The stamp, to be issued Sept. 24, will pay the domestic letter rate—currently 85 cents—and has a 10-cent surcharge to support the fundraising initiative. The surcharge is indicated by “+10” following the “P” symbol, which represents the non-denominated Permanent rate.
“Your dollar donation for a booklet of 10 stamps and 10 cents for the Official First Day Cover goes directly to support Canadian children and youth, through the funding of programs for breakfast, anti-bullying, special education, camps for children fighting illness, early literacy and other programs,” reads the latest issue of Canada Post’s Details magazine.
The stamp was illustrated by Julie Morstad, one of Canada’s top illustrators of children’s books, and designed by Matthew Warburton, of Emdoubleyu Design.
“Everyone can recall days from their childhood, spending a hot summer afternoon lying in the grass looking up at the clouds rolling by. This design recreates that feeling of freedom, wonderment and joy with a child sitting on a grassy, flower-speckled hilltop, looking up at the sky and seeing animal shapes in the fluffy clouds,” said Warburton, of the inspiration behind the stamp.
$6M TO CHARITY
Last year, the Canada Post Community Foundation provided $1.1 million in funding to grassroots and community-based child and youth organizations across the country. More than 100 organizations delivering essential programs for children and youth shared the funding.
“In the past six years, the Foundation has provided more than $6 million to build libraries, create sports and breakfast programs, and ensure access to crisis lines, anti-bullying and mental health initiatives, special needs clinics and life-skills training,” reads the Community Foundation website. “The money has helped promote physical activity and play for children of all abilities and helped at-risk youth gain a better understanding of how education is vital to their future. The Foundation is truly delivering a brighter future for Canadian children and youth.”
In North America, Canada was the first nation to issue semi-postals with a series of four stamps issued between 1974 and 1976 to support the Montreal Summer Olympic Games, which were held in 1976.
The government of Canada committed to paying for the games by selling semi-postal stamps as well as collector coins. At one point, Postmaster General Andre Ouellete predicted sales to collectors alone would be sufficient to pay for the games.
The first series (Scott #B1-B3), was issued on April 17, 1974, and consisted of three stamps sharing a similar design, a series of Olympic rings forming the Montreal Games logo. Designer Alois Matanovic used the design with three background colours representing the Olympic medals. The stamps were valued at 8+2 cents for bronze, 10+5 cents for silver, and 15+5 cents for gold. The stamps were printed by Ashton-Potter. The post office ambitiously ordered more than 118 million stamps.
The second series was issued in 1975 with decidedly lower production figures.
The Water Sports series was introduced on Feb. 8 and consisted of three stamps with the same values as the earlier series. The multi-colour stamps, (SC #B4-B6) designed by Hal Wallis, showed Swimming, 8+2 cents; rowing, 10+5 cents, and sailing, 15+5 cents. The total production, by Canadian Bank Note Company (CBN), was 64 million stamps.
On Aug. 6, a further three stamps were issued commemorating combat sports (SC #B7-B9).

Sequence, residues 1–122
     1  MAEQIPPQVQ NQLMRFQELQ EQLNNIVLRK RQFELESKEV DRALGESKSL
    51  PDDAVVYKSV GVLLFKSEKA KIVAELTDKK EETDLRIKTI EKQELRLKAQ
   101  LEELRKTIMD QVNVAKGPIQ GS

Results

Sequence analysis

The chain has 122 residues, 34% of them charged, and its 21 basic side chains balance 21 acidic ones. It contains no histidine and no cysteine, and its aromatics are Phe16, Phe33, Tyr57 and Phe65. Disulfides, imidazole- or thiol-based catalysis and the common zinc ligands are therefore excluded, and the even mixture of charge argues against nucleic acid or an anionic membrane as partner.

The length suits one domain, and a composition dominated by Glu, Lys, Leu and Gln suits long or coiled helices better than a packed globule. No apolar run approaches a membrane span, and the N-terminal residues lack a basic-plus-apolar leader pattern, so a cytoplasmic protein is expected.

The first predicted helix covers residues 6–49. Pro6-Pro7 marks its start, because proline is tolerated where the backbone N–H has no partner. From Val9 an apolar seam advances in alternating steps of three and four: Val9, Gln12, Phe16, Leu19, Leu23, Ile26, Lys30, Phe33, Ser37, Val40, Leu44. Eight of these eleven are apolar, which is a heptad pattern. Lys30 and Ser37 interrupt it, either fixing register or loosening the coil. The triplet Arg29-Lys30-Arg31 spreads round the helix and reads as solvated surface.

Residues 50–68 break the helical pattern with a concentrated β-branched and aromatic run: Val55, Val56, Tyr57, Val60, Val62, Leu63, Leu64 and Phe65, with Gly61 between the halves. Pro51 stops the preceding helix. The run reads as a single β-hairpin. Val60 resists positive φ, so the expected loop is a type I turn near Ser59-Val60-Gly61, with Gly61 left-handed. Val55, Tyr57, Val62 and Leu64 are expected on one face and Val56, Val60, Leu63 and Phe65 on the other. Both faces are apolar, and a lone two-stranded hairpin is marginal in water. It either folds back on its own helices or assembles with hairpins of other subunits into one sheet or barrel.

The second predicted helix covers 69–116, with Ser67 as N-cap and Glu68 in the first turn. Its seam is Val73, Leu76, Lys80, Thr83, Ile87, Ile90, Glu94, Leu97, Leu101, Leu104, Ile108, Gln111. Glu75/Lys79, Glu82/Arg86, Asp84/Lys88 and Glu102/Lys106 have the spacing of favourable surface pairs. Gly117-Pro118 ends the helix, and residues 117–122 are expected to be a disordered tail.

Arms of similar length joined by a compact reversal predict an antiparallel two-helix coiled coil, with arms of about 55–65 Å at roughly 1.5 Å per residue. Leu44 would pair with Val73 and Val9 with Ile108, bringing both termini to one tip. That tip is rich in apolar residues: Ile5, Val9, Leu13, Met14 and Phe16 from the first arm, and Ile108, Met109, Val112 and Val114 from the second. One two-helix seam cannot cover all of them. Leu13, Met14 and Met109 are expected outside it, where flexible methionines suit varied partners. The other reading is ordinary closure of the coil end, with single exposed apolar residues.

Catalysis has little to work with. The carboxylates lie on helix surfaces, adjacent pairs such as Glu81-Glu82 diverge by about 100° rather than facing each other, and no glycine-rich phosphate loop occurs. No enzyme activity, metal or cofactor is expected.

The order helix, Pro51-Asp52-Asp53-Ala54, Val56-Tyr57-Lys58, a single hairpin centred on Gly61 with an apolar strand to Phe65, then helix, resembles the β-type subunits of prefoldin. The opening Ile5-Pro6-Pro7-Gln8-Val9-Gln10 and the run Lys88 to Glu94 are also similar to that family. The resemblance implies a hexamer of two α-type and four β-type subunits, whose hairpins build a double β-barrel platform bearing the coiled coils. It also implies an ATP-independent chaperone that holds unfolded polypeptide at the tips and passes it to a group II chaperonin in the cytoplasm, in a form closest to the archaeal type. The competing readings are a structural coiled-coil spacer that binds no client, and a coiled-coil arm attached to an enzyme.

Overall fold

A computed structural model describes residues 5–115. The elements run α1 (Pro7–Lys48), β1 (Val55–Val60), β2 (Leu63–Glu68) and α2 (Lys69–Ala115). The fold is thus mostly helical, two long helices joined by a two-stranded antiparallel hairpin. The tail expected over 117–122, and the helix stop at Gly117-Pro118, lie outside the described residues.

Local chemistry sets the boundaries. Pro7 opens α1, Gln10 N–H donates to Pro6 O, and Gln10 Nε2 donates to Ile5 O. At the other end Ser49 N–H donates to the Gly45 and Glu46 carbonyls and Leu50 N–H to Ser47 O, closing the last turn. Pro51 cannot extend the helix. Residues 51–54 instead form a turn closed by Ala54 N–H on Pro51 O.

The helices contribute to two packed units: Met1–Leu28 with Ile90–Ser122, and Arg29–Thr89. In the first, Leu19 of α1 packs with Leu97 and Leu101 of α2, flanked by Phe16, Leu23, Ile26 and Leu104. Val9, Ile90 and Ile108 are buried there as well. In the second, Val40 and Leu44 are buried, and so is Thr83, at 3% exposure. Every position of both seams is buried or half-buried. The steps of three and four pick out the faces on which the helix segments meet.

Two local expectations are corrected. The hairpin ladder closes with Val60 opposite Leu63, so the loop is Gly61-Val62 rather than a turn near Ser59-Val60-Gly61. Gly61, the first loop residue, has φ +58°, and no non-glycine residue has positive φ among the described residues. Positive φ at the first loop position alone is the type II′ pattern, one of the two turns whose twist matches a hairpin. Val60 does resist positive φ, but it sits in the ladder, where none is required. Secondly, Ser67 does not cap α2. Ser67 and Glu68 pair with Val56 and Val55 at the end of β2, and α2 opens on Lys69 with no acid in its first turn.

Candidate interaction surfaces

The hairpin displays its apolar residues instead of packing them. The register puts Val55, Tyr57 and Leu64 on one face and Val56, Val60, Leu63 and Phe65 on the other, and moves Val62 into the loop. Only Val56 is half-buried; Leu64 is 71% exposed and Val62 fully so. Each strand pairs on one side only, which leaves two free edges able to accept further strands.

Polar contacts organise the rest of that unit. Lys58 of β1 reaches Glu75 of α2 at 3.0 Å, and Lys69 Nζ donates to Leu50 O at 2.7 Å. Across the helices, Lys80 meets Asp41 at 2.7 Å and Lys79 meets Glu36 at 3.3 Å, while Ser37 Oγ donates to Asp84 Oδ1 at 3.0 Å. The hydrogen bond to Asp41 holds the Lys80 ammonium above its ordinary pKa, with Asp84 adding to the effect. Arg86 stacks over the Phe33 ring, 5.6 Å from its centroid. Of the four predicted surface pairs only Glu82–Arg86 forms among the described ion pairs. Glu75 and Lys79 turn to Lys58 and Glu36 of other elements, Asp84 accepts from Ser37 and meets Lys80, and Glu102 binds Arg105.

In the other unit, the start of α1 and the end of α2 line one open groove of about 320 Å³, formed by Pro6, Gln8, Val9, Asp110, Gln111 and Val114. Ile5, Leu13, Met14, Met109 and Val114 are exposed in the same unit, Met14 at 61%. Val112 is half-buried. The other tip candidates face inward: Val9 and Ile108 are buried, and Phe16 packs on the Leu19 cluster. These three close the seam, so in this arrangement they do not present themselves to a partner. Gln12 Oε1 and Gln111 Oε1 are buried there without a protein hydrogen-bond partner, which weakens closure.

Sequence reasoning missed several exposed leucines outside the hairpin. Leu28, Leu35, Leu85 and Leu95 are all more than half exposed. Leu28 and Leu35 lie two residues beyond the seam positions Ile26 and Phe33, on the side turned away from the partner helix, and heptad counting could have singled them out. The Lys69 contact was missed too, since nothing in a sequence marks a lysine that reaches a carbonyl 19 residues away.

Designed by James Hill, the three stamps showed dramatic views of individual athletes. The commemorated sports were fending, 8+2 cents; boxing, 10+5 cents; and judo, 15+5 cents. CBN again printed the issue, with total production of 53,000 stamps.
On Jan. 7, 1976, just six months before the games were to start; a final three stamps were issued (SC #B10-B12). Again designed by Hill, the stamps honoured team sports but again concentrated on images of individual athletes. The three sports honoured were basketball, 8+2 cents; gymnastics, 10+5 cents; and soccer, with a new value of 20+5 cents. They were printed by Ashton-Potter with a total production of 39 million stamps.
Even if all the stamps had been sold, the total money raised would have fallen far short of the more than $10 billion the games eventually cost.
After that, Canada Post stayed away from semi-postal stamps for another two decades.
In 1996, a new stamp was issued to support ABC Canada’s family literacy programs (SC #B12).
Designed by Debbie Adams, the stamp showed a pair of hands putting together a puzzle, and the inscription “Literacy begins at home” in both English and French. The innovative design had a die-cut hole in the centre, representing the missing part of the puzzle.
It had a value of 45+5 cents and was produced in 10-stamp booklet panes. Ashton-Potter produced 10 million stamps.
In 2007 Moya Greene, then president of Canada Post, rolled out a new series of semi-postals issued to support mental health programs. Rather than select a specific charity, the Canada Post Foundation for Mental Health was created.
As a way of engaging Canadians, Canada Post launched a public competition both in the design and design selection process. The first stamp in the series was issued in 2008.
The stamps were printed by the Ottawa firm of Lowe-Martin and had the then-new Permanent rate with a 10-cent surcharge.
In 2012 the program was changed to support a new foundation, the Canada Post Community Foundation. Semi-postal stamps continue to be a significant portion of its funding.
Production of the stamps has been low, starting at 10 million and dropping to a 10th of that in recent years.
Printed by Lowe-Martin in four-colour offset lithography, this year’s semi-postals will be issued in 160,000 self-adhesive 10-stamp booklets. Each stamp measures 24 millimetres by 32 millimetres. A total of 7,000 official first-day covers will also be cancelled in Ottawa.